One question asked Hanks how he overcomes self-doubt. The question was ambiguous enough to apply to any career in creative work, and Hanks answered as though it applied to his acting, since that was the creative work most folks knew him for. His belief is that self-doubt is the same as self-consciousness; get rid of both and you can create. Sometimes the role requires that you look ridiculous or that you do something you don’t want to do to play the role because there might be a picture of it later…you have dispense of that. You have to make the mistakes and trust the process, he explained.

Just before I read the Hanks book I read another book, Sourdough, by Robin Sloan, that took me to the same place as Hanks’s thoughts on creative process. In the book the main character of Lois has to deal with Silicon Valley hipsters who are too cool for school in product development and nutrition; she also has to deal with analog purist foodies who think that anything high-tech is a fad or corruption. Lois, from the Midwest and feeling far from cosmopolitan, finds joy from simple food and makes mistakes in learning to cook and bake, not to mention making lots of mistakes in marrying tech and life hacks in that cooking and baking. Lois looks silly a lot. Lois is nowhere near glamorous.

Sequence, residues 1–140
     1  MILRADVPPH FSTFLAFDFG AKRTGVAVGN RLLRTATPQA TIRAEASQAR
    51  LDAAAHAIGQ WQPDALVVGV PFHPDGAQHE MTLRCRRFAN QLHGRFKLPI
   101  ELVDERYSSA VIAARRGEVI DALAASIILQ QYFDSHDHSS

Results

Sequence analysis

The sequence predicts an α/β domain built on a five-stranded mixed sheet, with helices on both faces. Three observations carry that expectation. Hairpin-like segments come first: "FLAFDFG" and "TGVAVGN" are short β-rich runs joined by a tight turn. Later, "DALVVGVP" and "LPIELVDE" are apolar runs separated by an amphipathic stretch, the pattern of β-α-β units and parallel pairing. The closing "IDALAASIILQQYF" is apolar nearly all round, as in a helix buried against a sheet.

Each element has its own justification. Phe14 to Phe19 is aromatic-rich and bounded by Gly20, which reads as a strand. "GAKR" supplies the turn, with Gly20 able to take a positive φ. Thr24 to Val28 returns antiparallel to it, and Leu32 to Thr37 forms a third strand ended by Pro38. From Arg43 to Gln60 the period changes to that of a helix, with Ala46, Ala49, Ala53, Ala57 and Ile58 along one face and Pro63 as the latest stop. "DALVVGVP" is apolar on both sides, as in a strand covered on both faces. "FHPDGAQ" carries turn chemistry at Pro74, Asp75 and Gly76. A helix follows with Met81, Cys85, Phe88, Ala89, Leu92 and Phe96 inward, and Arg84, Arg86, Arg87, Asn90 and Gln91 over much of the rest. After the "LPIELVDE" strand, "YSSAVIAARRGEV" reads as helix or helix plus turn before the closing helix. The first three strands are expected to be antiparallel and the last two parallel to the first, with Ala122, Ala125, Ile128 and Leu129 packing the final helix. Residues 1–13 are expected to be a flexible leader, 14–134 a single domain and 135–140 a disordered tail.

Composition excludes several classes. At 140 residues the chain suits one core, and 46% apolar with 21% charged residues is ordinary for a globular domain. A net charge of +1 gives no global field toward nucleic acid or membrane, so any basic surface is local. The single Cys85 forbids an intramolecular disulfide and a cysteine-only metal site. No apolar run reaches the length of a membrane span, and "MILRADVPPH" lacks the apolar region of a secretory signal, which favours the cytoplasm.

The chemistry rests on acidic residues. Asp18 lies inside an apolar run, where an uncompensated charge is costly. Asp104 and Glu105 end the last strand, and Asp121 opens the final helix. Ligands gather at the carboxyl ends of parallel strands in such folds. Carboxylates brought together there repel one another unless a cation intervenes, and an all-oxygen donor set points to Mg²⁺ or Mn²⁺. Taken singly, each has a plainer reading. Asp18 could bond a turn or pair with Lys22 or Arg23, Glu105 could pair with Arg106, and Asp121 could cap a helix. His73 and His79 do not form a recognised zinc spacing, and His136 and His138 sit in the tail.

Yet, in the reading of Sloan’s book and Hanks’s book and his interview, I feel like I’ve got a standard to move toward. Make mistakes, Jo; so I go back to cooking myself, making messes. I pull out the baseball novel I was working on and botch it up or improve it for one of my writing sessions; I do the same with sessions devoted to other writings. I very well may be making all kinds of mistakes right now in this blog post. I think that’s the place where the best stuff comes from, and I’ll continue to do so. ✨